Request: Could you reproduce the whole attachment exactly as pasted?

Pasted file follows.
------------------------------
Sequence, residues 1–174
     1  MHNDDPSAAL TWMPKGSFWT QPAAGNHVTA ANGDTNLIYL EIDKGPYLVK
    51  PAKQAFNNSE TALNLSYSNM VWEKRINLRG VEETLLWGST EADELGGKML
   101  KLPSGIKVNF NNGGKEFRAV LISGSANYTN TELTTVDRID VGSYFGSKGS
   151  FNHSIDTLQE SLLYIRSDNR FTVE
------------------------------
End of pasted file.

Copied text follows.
Sequence, residues 1–174
     1  MHNDDPSAAL TWMPKGSFWT QPAAGNHVTA ANGDTNLIYL EIDKGPYLVK
    51  PAKQAFNNSE TALNLSYSNM VWEKRINLRG VEETLLWGST EADELGGKML
   101  KLPSGIKVNF NNGGKEFRAV LISGSANYTN TELTTVDRID VGSYFGSKGS
   151  FNHSIDTLQE SLLYIRSDNR FTVE